By Gina Pongetti Angeletti, MPT, Christy Sandmaier contributing

At the end of the night, minutes after competition is complete in St. Louis, the scripts for the next chapters for so many amazing athletes will be written. And somewhere between the thrill of victory and the agony of defeat is the other 99%. So often, spectators and gymnastics’ biggest fans get caught up in predicting the team and celebrating the winners, and lose sight of the magnitude of the accomplishment and the feat of just getting here. 

Fourth place has always been the worst place to be in sports. There’s traditionally no podium, no medal, no newspaper mention, no story. At the Olympic Trials, the women have four team spots and one additional individual spot (Jade Carey has the other) for Tokyo. Essentially, the top three places are already locked in by Simone Biles, Sunisa Lee and Jordan Chiles, leaving one team spot and one individual up for grabs, and a handful of competitors who could get it.  Similarly, the top four men look to be all but decided – Brody Malone, Sam Mikulak, Yul Moldauer and Shane Wiskus, leaving one +1 spot to be decided. 

So what happens to those who don’t make it? For those who were so close? 

For some, they carry with them the pride in years on the National team, international assignments, and other amazing accomplishments. They go on to successful college careers and even to further World Championship success. For others, they let this perceived sense of being so close to something that was within reach define them. 

Notably missing from Olympic Trials is Aleah Finnegan, 2017 World All-Around Champion Morgan Hurd, and former Olympians Chellsie Memmel and Laurie Hernandez. The journey for Memmel and Hernandez has proven to be more impactful than, perhaps, the original accomplishment itself. Memmel, mother of two and wife, returned to serious training and competing after nine years. Hernandez, after taking time to take care of herself mentally and emotionally post the Maggie Haney abuse scandal, wanted to return to gymnastics to prove she was training for herself, and no one else. 

Finnegan and Hurd, however, plowed through the last five years, each rising at their own pace and by all accounts had each been in the conversation for Tokyo, particularly Hurd, until their journeys ended in Fort Worth at U.S. Championships. Next up for them, NCAA and a chance to shine on a new stage.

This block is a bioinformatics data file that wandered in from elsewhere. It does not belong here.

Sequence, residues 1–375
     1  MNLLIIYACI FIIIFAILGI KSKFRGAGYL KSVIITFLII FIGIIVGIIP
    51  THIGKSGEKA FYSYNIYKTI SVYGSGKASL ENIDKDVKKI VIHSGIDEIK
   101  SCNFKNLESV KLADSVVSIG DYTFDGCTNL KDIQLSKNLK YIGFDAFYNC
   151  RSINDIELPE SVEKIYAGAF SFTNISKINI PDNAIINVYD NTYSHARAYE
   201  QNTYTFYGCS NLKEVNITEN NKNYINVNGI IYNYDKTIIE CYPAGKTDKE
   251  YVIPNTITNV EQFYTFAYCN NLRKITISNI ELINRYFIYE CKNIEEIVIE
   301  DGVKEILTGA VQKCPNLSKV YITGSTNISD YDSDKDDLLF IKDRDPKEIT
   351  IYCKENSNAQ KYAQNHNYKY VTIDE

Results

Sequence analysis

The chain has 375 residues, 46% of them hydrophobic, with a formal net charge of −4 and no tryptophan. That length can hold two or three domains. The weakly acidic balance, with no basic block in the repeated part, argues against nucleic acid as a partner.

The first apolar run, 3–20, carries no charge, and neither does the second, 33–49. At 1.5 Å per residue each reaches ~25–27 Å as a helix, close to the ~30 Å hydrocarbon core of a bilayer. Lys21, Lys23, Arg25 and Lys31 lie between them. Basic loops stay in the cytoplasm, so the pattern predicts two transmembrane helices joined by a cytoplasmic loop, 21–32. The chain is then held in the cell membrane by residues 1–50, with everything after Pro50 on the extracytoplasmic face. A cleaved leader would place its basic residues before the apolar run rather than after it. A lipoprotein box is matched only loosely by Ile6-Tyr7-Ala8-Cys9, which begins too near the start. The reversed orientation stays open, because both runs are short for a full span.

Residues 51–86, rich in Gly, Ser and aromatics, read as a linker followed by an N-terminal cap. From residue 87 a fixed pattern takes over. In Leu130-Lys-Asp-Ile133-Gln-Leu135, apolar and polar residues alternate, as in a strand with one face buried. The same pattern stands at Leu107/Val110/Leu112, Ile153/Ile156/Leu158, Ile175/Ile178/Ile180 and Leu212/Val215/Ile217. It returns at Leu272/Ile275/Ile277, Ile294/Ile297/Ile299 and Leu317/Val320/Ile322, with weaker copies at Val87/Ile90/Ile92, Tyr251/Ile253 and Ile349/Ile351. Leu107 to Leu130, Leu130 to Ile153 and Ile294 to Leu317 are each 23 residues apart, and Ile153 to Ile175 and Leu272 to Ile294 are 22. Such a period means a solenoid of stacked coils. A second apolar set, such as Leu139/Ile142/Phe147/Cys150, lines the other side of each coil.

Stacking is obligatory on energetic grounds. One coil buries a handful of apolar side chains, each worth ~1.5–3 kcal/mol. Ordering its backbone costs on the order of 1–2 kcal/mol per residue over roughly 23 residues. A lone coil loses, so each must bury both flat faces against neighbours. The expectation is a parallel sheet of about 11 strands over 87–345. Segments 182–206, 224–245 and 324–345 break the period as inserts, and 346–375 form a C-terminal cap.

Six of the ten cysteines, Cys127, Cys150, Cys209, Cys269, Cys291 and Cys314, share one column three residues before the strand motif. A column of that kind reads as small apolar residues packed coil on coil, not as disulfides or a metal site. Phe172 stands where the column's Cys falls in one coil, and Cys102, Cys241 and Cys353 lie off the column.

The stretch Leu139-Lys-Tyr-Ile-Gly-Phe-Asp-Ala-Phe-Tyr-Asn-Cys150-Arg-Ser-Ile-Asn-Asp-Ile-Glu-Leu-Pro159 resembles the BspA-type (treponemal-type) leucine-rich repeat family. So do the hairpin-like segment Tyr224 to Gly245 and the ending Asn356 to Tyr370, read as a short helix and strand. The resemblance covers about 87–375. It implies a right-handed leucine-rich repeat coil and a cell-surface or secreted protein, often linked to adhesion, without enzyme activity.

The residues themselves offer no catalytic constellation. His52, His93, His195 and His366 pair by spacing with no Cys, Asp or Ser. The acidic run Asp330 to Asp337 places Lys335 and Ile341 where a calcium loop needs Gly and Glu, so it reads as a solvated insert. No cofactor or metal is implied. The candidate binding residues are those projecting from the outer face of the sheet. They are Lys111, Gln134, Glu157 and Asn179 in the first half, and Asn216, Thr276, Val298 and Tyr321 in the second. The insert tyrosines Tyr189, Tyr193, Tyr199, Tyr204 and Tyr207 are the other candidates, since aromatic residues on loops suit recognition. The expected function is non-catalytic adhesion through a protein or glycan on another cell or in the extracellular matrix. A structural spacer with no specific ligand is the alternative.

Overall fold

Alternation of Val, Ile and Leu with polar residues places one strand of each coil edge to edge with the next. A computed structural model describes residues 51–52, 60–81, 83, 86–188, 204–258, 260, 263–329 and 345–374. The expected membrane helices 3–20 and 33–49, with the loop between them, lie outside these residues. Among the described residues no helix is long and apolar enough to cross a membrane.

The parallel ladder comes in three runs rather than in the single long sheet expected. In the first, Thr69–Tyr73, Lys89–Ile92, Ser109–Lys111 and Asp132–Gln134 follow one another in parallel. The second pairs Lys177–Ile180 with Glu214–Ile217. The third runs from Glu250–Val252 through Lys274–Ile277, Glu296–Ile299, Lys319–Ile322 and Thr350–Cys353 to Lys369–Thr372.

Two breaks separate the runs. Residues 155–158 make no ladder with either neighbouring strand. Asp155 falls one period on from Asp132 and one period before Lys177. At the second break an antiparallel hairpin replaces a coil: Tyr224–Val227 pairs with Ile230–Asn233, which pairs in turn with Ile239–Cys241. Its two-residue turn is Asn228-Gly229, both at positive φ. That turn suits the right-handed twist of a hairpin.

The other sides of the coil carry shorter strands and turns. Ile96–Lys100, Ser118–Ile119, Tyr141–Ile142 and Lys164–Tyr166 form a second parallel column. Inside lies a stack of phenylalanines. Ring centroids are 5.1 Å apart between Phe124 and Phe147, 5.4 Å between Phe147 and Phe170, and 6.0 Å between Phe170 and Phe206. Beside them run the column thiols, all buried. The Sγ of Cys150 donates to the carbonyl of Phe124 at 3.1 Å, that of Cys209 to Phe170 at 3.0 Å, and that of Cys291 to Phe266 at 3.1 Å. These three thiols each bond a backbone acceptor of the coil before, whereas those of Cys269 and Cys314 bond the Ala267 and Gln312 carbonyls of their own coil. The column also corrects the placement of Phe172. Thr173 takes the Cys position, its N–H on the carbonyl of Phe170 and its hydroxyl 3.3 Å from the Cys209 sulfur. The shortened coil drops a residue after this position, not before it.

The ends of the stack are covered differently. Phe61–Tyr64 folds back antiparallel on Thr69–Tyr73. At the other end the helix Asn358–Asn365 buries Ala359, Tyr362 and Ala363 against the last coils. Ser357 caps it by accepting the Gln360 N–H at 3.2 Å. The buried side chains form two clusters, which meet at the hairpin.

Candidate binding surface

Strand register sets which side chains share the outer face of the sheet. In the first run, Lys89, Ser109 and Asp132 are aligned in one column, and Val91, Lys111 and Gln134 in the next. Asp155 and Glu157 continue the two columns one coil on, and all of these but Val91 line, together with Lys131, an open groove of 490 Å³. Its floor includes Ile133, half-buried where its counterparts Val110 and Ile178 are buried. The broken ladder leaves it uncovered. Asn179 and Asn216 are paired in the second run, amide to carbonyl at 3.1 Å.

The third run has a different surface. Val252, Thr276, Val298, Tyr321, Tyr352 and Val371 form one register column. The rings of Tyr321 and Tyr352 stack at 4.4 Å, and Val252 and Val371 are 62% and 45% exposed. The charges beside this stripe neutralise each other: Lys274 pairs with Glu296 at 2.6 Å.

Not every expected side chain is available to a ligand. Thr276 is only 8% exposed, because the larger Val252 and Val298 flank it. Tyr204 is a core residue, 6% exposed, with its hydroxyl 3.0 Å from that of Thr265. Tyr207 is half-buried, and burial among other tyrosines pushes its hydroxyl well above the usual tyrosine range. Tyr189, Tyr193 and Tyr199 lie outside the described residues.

Riley McCusker, a strong contender for the four-person team as well as the individual specialist fifth spot, hurt her ankle at Winter Cup with a slim amount of recovery time possible to prepare not only for Nationals, but for this weekend. 

Eddie Penev worked his way back to top form, only to miss out on Trials, injuring his knee in practice on Friday last week.  And on Thursday night, Colin Van Wicklen pulled out of Men’s Trials Day 1, injuring himself in warm-ups. 

It all comes down to timing. Yes, training cycles can help. Making sure that you are not in muscular or adrenal fatigue, making sure that your numbers are properly peaked (and valleyed for that matter), and ensuring that the mental preparation for the months-long push is on point. 

Still, things can happen. 

With an estimated five million people that do gymnastics throughout the world, there are more than 200,000 athletes registered with USA Gymnastics (per their website). Making the six (4 + 2)  person team total for women, or the five (4+1) person for men, or one of the five alternates, is beyond levels of statistically challenging. 

It’s the athlete’s success against the odds of even getting here. Each athlete who accomplishes more pushes the others. Each person who is a “surprise” up-and-comer makes others nervous.  As the younger generation rises, the older one has to stay on their toes. 

And, it is not just about competing against who’s here on the day of the meet. It’s competing against one’s self. Day in, day out. Balancing sleep and activity. Focusing every day, week, month, training cycle, year and quad. Taking care of the mental and physical game. Rehabilitating from injuries. Arriving in one piece, especially in a year filled with extra safety measures and quarantines, time out of the gym and masking, should get an award. 

The glory of sport has perpetually been in the accomplishment and not in the process. Athletes are measured by what they ultimately do, not how hard they try. Stellar efforts may help an athlete make a team, or be chosen to train at a higher level, which will vault them into a stream of possible success and resources, but the effort is only as good as your last routine.